In Formal Verification Push, Ethereum Seeks Smart Contract Certainty
There's a new blockchain buzzword arriving in time for fall – formal verification.
The phrase (used to describe the application of mathematics to verify software programs) has so far been evoked sparsely in the press. But if conversation at ethereum's developer summit last week was any indication, it could play an increasing role given the security questions that still surround smart contracts and blockchains more broadly.
As evidenced by multiple talks dedicated to the subject at Devcon2, the idea that new assurances could be given to ethereum coders is being widely embraced by its development community. Already, the concept is being proposed as a way to inspire confidence in everything from the ethereum protocol itself to its experimental proof-of-stake blockchain.
That this has come to pass is perhaps no surprise given the sudden collapse of The DAO this summer, to date the largest smart contract yet launched on the decentralized application development platform.
But while formal verification may sound complex, the concept can perhaps be summed up succinctly as applied to ethereum – coders currently use a largely new language (solidity) to write smart contracts, writing commands that are then translated into bytecode for use by the ethereum virtual machine (EVM) and disseminated to the network's nodes for execution.
In a sense, formal verification can be seen as a more objective way to ensure that when different component parts of the network receive these instructions, they execute them as intended on behalf of users.
Grant Passmore, founder of Aesthetic Integration, is one entrepreneur who sees an opportunity in helping assist in this effort, using Devcon2 to launch Imandra Contracts, a formal verification platform for blockchain smart contracts.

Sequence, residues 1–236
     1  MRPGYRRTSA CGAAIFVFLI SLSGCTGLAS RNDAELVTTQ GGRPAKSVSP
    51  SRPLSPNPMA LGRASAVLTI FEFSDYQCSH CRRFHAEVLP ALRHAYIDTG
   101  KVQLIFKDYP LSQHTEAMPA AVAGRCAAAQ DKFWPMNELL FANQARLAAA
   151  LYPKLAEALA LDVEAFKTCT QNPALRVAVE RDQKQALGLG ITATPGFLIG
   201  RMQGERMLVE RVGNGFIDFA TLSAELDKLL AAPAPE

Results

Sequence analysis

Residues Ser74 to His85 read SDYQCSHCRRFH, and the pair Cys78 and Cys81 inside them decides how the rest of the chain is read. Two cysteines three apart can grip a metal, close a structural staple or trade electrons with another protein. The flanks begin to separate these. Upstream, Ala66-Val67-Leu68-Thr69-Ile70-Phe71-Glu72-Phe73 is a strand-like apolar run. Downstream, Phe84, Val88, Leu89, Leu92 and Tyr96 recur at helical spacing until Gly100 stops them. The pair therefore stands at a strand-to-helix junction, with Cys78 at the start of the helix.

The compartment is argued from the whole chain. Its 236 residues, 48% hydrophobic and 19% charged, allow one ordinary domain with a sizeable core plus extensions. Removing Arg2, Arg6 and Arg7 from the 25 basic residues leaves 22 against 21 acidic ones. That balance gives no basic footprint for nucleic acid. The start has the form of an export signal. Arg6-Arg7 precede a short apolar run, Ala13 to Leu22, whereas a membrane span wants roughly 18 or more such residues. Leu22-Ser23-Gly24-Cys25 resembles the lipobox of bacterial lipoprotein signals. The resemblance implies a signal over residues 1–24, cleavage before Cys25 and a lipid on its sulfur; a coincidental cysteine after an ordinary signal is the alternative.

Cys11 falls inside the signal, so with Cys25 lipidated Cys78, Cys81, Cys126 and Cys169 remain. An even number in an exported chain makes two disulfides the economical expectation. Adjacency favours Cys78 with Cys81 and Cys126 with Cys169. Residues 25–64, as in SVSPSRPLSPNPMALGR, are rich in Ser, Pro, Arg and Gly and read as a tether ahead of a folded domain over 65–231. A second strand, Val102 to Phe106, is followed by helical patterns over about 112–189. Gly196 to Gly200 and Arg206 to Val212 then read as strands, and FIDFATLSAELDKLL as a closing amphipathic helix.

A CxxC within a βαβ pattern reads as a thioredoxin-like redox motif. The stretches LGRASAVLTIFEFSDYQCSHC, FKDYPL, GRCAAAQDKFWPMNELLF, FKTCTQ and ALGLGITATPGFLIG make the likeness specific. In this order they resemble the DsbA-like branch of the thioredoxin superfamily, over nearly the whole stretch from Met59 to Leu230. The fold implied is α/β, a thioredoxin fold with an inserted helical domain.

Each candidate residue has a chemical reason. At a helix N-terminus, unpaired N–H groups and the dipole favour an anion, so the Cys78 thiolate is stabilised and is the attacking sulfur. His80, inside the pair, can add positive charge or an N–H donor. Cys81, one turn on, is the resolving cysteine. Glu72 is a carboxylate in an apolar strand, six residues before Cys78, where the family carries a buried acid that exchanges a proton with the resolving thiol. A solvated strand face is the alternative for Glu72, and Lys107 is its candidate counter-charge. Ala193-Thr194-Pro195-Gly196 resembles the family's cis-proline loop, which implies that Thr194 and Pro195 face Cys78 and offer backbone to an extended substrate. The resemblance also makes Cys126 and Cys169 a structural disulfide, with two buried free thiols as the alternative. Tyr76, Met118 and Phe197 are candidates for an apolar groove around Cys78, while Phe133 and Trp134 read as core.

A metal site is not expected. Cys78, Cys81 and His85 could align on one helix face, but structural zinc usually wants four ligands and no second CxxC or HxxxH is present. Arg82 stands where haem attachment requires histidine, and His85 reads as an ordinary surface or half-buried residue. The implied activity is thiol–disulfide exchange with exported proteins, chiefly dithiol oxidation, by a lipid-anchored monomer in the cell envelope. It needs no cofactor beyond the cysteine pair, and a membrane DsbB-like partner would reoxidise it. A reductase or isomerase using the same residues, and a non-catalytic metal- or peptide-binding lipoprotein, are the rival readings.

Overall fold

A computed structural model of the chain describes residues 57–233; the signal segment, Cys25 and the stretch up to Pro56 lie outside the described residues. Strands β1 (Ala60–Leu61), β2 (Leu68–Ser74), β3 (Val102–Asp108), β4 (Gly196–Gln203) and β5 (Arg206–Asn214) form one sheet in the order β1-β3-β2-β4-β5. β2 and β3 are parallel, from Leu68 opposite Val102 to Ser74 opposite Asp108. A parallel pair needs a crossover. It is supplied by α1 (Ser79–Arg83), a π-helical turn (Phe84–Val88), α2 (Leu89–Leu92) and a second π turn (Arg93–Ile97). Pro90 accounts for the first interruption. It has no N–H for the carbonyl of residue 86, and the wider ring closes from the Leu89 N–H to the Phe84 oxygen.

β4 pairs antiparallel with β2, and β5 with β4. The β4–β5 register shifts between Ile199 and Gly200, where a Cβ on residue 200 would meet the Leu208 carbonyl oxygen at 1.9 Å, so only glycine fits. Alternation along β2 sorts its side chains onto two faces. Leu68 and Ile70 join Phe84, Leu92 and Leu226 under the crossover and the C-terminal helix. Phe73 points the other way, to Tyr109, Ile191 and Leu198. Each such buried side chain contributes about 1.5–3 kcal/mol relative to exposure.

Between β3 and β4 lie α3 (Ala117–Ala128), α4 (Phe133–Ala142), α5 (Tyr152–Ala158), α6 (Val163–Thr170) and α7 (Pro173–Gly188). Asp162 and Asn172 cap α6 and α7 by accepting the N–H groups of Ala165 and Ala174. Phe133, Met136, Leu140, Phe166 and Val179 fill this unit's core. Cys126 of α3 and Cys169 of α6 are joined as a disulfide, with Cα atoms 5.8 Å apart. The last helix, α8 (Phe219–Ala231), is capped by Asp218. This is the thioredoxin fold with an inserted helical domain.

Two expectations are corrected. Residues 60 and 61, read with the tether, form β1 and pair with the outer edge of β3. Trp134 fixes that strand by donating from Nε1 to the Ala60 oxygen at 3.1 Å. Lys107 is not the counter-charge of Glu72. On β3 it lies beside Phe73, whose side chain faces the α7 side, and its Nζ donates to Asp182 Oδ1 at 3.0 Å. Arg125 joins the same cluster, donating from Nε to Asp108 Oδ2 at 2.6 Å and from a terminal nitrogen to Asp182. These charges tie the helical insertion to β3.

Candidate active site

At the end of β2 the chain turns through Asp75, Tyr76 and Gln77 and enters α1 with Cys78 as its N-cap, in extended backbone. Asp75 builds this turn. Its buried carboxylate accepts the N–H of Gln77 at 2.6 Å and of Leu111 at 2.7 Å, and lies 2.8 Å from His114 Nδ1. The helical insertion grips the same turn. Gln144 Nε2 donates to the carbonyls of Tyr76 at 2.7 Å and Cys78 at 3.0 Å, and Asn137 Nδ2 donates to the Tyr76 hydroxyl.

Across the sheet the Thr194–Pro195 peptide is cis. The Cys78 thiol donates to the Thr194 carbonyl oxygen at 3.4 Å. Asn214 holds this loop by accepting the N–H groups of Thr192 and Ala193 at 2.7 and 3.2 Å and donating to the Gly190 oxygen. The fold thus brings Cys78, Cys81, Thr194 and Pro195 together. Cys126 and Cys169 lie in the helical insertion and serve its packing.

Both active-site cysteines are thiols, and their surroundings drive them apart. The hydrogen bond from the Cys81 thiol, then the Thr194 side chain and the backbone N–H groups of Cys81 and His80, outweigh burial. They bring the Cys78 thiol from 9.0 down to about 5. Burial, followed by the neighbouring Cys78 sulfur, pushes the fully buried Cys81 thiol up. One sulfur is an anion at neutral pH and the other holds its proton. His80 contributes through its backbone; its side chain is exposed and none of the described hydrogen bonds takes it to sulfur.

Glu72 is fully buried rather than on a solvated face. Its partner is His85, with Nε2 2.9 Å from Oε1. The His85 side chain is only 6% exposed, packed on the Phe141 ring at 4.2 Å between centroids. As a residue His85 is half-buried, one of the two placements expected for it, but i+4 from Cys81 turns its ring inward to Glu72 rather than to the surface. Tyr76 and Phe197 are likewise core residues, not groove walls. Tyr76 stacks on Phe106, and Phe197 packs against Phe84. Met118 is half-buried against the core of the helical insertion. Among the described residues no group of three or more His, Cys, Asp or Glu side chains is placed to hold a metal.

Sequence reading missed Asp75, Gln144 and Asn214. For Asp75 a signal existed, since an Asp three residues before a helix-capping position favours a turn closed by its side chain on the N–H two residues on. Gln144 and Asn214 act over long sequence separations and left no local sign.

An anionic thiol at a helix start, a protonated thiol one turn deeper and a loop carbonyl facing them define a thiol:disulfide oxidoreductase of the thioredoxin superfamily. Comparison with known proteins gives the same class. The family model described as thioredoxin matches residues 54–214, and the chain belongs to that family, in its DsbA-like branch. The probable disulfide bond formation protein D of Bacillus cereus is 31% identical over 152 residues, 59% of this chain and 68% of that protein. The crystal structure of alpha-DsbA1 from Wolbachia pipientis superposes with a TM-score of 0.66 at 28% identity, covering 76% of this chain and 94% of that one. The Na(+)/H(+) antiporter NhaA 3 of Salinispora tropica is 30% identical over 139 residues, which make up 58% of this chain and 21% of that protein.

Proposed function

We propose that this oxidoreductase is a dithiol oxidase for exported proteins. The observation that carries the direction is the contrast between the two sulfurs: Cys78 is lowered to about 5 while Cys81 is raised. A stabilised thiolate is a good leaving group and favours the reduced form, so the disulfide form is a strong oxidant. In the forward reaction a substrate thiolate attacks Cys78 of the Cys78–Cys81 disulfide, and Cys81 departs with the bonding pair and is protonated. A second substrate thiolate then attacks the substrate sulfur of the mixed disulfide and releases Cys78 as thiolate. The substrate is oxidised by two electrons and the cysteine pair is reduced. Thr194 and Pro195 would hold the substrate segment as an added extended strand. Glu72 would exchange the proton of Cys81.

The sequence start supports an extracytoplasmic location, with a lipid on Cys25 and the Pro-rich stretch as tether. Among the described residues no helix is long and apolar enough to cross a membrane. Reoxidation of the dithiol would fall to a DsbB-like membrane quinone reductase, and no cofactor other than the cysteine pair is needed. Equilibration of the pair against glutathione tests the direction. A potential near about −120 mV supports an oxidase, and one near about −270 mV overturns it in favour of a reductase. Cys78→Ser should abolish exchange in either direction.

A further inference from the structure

At the event, he evoked the idea that ethereum could serve as a "paradise" for formal verification (a widely cited touchpoint in talks) given the aims of its community and the significant responsibilities it wishes to entrust to code.
Passmore told CoinDesk:
"The ethereum community is in a unique position, where after The DAO, we understand that rigorous engineering is necessary. You can't approach writing a smart contract like a web app."
Elsewhere, speakers like Cornell's Philip Daian spoke to the interest in the methodology more broadly, telling the audience he believes formal verification could help ethereum solve key issues.
"It's going to be one critical piece of the overall picture. I'm looking forward to using ethereum to set the standard and show people how it's done," he said.
Given the recent emphasis financial firms have placed on exploring smart contracting languages, it was perhaps the concept of applying formal verification to Solidity that was the most frequent topic of discussion.
Developed for the ethereum platform, Solidity has faced criticism for being largely untested and difficult to write, largely because it is so new. Such issues have arguably been amplified due to issues with the language’s compiler, a lack of public libraries and the collapse of The DAO, which was vetted by notable members of its development community.
In this light, Christian Reitweissner, the creator of Solidity, acknowledged that there is a drive to implement formal verification so that errors can more effectively be detected by ethereum coders.
Reitweissner told CoinDesk that smart contract developers could one day use formal verification tools to, for example, determine if there are unforeseen errors in their work. He indicated that such a tool could be used to determine if, in adding two balances, the result extended longer than the field allotted by the compiler.